“I was prototyping a desk lamp using foam, and halfway through I completely changed the design. A dent in the foam looked as if it could be a nice visual cue that the base is touch activated, and the loose stalk gave me an idea for how the lamp could be adjusted. In the end it turned out much better than I expected, and I found the unintended outcomes in finding a solution that don’t seem ideal can actually really help with coming up with new ideas.” 

Touch Lamp Prototype
Touch Lamp
Touch Lamp
Touch Lamp
Touch Lamp

You can keep up to date with Nathans work at


Student wins international award for sustainable toy design

A product design student from De Montfort University has scooped an international award for her sustainable toy design.

Elly Skelton designed a durable scooter, called ‘1 Toy for Life’, which is plastic-free and suitable for children from the age of two all the way to age 12. The toy was initially designed for the RSA Student design awards.  The RSA Student Design Awards is a global curriculum and annual competition for higher education students and recent graduates run by the RSA. Each year the Awards challenge emerging designers to tackle a range of design briefs focused on pressing social, environmental and economic issues.

Elly’s design is a result of the ‘Fair Play’ brief set by the RSA, which focuses on creating a sustainable toy. Given the finite resources of the planet and increasing rates of consumption by a growing population, current levels of waste are unsustainable. Just ‘using less’ and recycling is not enough. Designers need to completely rethink the manufacture and life cycle of products and their components, and design them in a way that eliminates waste. Sustainability is becoming a huge issue in todays society and young designers are having to learn how to adapt and develop their work in order to ensure its sustainability.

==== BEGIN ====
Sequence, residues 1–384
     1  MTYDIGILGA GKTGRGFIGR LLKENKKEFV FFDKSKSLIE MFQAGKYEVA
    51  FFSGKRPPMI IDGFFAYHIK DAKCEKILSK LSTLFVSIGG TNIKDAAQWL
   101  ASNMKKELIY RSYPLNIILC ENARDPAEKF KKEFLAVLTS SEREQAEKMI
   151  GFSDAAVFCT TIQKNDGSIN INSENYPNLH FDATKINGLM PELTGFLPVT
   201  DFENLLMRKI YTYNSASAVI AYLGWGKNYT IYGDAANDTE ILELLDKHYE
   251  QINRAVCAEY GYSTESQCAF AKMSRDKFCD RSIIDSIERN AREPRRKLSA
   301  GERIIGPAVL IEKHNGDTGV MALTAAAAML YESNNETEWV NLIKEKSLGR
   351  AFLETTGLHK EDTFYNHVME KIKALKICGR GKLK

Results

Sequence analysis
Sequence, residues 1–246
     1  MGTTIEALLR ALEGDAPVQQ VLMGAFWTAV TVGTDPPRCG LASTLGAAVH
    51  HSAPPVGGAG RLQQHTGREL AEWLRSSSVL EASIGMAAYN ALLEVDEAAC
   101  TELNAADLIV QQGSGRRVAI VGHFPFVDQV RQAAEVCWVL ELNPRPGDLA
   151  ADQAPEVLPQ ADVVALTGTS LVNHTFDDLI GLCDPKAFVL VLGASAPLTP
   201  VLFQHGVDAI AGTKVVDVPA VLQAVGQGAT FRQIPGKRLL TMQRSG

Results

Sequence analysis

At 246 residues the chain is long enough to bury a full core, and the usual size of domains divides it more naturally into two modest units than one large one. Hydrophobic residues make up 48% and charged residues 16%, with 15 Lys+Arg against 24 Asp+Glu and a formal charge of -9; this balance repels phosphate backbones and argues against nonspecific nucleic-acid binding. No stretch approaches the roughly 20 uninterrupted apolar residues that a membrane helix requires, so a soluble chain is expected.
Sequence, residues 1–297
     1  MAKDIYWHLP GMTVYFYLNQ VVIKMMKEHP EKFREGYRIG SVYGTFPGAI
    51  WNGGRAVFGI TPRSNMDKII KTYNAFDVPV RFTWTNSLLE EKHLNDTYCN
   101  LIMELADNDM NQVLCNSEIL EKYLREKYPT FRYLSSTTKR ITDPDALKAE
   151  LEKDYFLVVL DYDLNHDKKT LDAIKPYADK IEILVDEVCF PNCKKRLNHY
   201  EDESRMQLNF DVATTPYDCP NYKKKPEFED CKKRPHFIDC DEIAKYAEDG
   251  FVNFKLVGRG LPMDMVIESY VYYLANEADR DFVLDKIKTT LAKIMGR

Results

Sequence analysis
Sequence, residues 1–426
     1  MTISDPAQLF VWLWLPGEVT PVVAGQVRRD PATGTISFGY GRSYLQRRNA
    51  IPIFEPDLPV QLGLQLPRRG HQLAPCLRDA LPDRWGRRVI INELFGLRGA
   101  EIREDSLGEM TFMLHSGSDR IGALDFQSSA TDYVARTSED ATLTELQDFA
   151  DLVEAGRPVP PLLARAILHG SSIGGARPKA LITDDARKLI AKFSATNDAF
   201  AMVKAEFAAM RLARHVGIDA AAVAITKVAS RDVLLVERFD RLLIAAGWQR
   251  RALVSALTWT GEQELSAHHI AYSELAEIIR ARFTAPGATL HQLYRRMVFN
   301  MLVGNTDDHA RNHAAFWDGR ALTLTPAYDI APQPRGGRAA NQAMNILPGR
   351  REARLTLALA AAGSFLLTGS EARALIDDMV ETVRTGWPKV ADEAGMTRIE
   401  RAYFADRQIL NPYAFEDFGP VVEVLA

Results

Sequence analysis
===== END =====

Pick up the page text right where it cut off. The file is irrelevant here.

Elly’s design can be adapted as the user grows, so it can last for their entire childhood. She was inspired to create a scooter by her childhood memories of playing on scooters with her brother. The third year Leicester university student won £2,000 by the Royal Society for the encouragement of Arts, Manufactures and Commerce after winning the Student Design award.


Elly from Milton Keynes said: “It’s amazing to have won the award. It is such an honour to be nominated and it was a great experience to go down to London to the RSA headquarters and present my design.” The toy is made from aluminium, which complied with Elly’s design brief.

She said: “I started looking into materials I could use for the circular economy and I thought of aluminium because it is so recyclable, 75% of aluminium ever created is still in use today, which is amazing.

“For both of my projects this year I have wanted to move away from plastics.

Elly aims to use her skills and experience in design to focus on sustainability and implements it in to other projects she’s working on. “My other major project is about eradicating plastic bags and hangers from retail stores. It all feeds into the anti-plastics sentiment.”

The  21-year-old was named as one of three winners in her category.

All the winners have been invited to an award ceremony in London on 27 June.


Copyright: De Montfort University, Leicester